um and so in my work and in my

my writing which i started off more

freelance while i was working at places

like uber and uncontracted at google

fiber

my writing and journalism has always

sort of centered

uh the voices spaces places uh

communities of

of of people of color um and

specifically some of the questions that

we don't ask in mainstream media about

uh who gets to be called genius and who

gets to be called innovator

and so um so that really defines what i

do today which is i am the founder and

ceo

of the plug and we're you know a digital

insights platform covering the black

innovation economy

um you know just rigorous data-driven

reporting um that helps us to better

understand the world around us and sort

of the black contribution to

the society that's moving forward in an

era in age of technology

so uh thank you so much that's

incredible background and

uh i needed to just you know point out

that

you you have a grad degree from an ivy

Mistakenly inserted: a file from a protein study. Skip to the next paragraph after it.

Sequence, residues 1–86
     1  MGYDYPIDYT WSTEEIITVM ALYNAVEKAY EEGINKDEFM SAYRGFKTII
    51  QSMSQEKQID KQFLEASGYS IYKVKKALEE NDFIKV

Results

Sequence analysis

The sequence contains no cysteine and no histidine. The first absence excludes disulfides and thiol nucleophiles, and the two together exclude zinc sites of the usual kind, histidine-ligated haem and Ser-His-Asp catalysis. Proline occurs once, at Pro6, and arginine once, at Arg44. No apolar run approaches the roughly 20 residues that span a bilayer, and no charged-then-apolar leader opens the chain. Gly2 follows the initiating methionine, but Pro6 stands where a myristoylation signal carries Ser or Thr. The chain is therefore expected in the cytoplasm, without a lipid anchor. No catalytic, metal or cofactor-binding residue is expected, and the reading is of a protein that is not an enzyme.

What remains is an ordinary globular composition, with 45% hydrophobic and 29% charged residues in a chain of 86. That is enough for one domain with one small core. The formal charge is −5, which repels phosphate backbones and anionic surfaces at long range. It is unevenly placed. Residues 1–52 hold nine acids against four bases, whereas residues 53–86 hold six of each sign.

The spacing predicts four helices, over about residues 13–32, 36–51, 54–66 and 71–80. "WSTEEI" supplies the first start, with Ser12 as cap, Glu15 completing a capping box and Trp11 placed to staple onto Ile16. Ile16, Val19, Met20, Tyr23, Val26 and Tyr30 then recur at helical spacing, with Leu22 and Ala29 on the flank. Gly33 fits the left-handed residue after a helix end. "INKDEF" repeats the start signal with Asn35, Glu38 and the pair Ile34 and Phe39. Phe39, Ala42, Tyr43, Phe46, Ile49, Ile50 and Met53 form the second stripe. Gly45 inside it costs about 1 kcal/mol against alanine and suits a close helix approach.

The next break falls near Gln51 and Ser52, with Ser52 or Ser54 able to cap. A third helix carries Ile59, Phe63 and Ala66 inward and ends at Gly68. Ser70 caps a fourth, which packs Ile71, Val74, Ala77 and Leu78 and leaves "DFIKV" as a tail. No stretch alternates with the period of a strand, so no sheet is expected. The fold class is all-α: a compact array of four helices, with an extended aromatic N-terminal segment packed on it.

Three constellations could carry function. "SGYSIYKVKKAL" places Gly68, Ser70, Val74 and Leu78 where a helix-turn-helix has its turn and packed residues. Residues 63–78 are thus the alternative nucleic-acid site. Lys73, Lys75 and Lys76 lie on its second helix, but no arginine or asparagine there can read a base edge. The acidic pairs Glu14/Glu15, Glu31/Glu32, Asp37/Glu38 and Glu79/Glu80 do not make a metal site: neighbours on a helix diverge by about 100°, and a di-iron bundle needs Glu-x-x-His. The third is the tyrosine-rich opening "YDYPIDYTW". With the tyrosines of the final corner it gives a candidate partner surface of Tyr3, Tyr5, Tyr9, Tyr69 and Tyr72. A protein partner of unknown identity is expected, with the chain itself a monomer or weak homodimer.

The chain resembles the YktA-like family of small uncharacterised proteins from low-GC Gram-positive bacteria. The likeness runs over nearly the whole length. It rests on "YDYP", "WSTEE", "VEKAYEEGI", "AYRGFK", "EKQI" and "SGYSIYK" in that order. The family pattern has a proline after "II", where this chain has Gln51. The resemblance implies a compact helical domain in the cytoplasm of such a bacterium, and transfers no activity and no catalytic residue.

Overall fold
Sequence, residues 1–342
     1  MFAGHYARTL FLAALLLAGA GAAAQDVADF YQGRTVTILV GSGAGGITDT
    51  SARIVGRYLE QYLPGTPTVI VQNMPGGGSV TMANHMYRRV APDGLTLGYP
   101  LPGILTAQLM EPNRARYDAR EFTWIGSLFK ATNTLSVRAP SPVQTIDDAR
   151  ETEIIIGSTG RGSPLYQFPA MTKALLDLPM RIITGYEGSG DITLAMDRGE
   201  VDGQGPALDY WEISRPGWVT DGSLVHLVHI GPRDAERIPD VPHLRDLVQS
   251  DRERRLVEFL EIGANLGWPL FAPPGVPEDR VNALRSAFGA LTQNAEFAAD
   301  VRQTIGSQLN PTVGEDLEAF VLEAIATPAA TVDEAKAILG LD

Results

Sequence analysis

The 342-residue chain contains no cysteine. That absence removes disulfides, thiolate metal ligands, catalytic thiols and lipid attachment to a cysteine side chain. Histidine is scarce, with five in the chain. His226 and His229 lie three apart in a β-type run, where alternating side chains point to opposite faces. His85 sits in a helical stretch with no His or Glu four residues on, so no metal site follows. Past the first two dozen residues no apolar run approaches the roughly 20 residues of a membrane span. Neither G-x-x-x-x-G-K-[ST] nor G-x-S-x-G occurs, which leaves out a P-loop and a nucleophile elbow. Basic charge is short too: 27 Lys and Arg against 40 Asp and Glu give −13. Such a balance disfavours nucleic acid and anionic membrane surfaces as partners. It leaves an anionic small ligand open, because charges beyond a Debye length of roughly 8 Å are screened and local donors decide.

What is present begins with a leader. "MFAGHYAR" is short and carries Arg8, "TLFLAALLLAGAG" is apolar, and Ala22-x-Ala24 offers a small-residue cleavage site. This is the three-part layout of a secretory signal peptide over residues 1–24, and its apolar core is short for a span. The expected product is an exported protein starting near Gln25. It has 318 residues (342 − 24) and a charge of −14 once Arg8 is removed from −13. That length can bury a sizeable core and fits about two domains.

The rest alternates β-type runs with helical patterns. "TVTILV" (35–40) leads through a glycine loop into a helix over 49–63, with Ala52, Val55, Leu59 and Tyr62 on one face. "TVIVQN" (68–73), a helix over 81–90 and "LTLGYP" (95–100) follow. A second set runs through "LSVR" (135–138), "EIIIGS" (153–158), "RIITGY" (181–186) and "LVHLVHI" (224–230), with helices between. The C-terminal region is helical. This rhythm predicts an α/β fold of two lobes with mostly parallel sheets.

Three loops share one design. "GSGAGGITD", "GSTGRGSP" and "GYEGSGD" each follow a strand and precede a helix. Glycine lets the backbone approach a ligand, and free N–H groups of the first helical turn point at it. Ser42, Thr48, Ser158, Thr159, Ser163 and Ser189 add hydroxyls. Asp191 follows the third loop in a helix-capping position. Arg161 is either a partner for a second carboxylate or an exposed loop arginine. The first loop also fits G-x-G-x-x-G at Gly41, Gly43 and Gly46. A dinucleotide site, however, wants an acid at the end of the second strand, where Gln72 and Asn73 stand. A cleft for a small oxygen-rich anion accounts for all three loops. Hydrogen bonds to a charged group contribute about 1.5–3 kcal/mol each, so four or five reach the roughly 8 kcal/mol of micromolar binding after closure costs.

league uh

school you've been in some of the

biggest brands in technology companies

like uber

google fiber so you've been in these

spaces right you know these spaces where

the geniuses live

right where the geniuses are born or

created are held up and so i

found it uh interesting that you you

sort of focused on who gets to be called

a genius who gets to be called an

innovator um you know that's something

that

not not the genius moniker but certainly

the innovator moniker is something i've

always

prided myself on and always wanted to

you know base

my career on when people say you know

who are you

you know i'll say i'm an entrepreneur or